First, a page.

April 12, 2017
Today is the 82nd day of the Trump presidency and science has already emerged as a significant issue, although not always in ways the scientific community supports. Given this environment, scientists and non-scientists alike are asking, “What can we do to support science?”
Currently, your members of Congress are back home in their states and districts for April recess. April recess runs from Saturday, 8 April through the weekend of the March for Science on 22 April. Congressional recesses are also known as district work periods—time for congressional members to share what they have been working on in Washington, D.C. and to learn about their constituents’ priorities.
Congressional recesses are the perfect time to engage with your legislator about what is important to you. To get you started, here are ten things you can do over the next couple of weeks to show your support for science in your community and around the world! Each title links you to a short video with more information.
Your members of Congress represent you and want to learn about what is important to their constituents. One of the best ways to engage is to meet your legislators and learn about their values, priorities, and agenda. Explicitly tell them how science supports their priorities—this will demonstrate the value of science for their perspective, and help you build a relationship with them.
Whether talking with friends and family or legislators, it is important to develop a compelling and concise story about your research and the bigger picture scientific issue that you are studying. A strong narrative, like a good book, will draw others in and make them care about your research and the questions you are working to solve.
“All politics is local.” This famous political axiom continues to prove true. Build up science support in your community by sharing your science message, in a compelling way, with as many community members as possible. If your community values science, then your elected officials, who represent you, will follow suit.
If scheduling a meeting with your member of Congress seems too nerve-racking, try attending a town hall, coffee hour, or other local event hosted by your Senator or Representative. It’s a more informal way to meet them and learn about their priorities. And while you are there, share your science message with the congressional member and their staff to begin a dialogue on the value of science.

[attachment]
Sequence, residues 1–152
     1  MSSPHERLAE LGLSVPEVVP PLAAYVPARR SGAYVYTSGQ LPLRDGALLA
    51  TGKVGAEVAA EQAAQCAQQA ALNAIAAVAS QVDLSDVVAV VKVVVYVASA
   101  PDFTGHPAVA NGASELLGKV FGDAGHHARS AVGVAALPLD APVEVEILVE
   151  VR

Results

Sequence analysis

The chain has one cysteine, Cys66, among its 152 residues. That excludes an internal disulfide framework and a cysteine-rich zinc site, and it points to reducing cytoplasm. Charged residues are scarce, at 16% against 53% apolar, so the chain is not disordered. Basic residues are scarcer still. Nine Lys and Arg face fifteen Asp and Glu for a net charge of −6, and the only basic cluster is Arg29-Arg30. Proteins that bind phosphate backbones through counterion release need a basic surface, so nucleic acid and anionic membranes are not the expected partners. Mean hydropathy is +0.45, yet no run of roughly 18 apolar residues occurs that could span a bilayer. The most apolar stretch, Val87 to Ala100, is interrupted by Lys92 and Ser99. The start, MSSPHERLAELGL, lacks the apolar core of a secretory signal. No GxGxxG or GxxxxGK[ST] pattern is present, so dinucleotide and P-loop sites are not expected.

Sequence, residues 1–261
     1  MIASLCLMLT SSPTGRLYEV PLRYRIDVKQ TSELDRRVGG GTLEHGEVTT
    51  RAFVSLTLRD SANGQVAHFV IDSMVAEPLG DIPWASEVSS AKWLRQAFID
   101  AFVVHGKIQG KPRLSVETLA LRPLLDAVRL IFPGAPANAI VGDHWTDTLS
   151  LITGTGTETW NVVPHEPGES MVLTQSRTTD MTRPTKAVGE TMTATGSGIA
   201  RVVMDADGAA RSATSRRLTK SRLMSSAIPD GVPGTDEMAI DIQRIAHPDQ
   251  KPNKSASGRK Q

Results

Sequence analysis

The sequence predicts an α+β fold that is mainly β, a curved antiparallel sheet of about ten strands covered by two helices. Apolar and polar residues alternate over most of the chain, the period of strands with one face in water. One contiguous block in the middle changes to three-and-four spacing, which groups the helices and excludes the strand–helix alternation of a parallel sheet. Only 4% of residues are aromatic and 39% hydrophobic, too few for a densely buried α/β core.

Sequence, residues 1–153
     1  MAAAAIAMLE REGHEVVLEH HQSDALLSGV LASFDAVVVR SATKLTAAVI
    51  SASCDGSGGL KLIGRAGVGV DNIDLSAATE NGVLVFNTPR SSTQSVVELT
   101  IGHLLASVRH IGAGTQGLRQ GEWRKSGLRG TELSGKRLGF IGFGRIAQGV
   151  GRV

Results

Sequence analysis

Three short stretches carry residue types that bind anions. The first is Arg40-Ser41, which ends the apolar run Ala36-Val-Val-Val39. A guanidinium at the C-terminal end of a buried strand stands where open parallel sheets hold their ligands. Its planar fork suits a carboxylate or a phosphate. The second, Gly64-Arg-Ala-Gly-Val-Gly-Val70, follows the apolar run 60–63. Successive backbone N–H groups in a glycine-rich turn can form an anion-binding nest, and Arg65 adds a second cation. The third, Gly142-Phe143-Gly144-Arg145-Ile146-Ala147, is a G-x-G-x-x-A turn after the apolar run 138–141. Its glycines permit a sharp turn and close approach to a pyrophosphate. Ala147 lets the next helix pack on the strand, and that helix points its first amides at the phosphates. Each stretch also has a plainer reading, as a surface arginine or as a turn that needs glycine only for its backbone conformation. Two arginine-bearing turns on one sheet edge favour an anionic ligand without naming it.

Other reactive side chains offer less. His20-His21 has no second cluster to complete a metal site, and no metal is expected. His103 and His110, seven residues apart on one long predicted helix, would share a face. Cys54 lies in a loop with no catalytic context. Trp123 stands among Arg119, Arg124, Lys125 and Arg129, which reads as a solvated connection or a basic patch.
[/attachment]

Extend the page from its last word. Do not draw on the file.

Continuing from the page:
We all have a local newspaper; this is often the paper that legislators read daily to get the pulse of the community. Consider writing an op-ed or letter to the editor of your local paper about science, specifically highlighting the value of science for your local community.
Every call to a congressional office, whether in Washington, D.C. or in a local district office, is logged. Generally, the member is given a list of the most called about issues or legislation for the week. Rarely is science on that list. Take five minutes to call your legislator. Let them know that you are a constituent and that you want to ask them to support science because of its value to the district. Then ask your colleagues, friends, and family to call as well.
Download or request a bulk order of AGU’s Science is Essential postcards. Take a couple of minutes to share with your legislators why science is important for your community or consider making even more of an impact by gathering friends and family for a postcard party!
Federal funding season is upon us. Write your legislators about the importance of federal science funding now. Our action center provides a template and customizable talking points to help you convey your message. We will even send it to your legislator with a click of a button!
Sixty percent of congressional staff say that checking social media is a part of their daily work routine. Make sure science is trending! A new discovery at your institution, an interesting science-related article, or a simple “thank you” for their latest action in support of science are all great tweets.
Show how science serves by sharing why you are participating in the March for Science, either here in D.C. or in one of the satellite marches around the world. Be sure to check out CSLDF’s tips for protecting your rights while you march.
Bonus: Think (even more) locally
One last note, although we’re focusing on your federal officials, all these actions can be taken in relation to your local or state elected officials as well. Remember that members of Congress often start their political careers in state politics.
We hope you will consider taking at least one, if not all the actions listed above. To get more tools, tips, and resources related to these actions, including messages from the AGU team, please visit sharingscience.agu.org/action.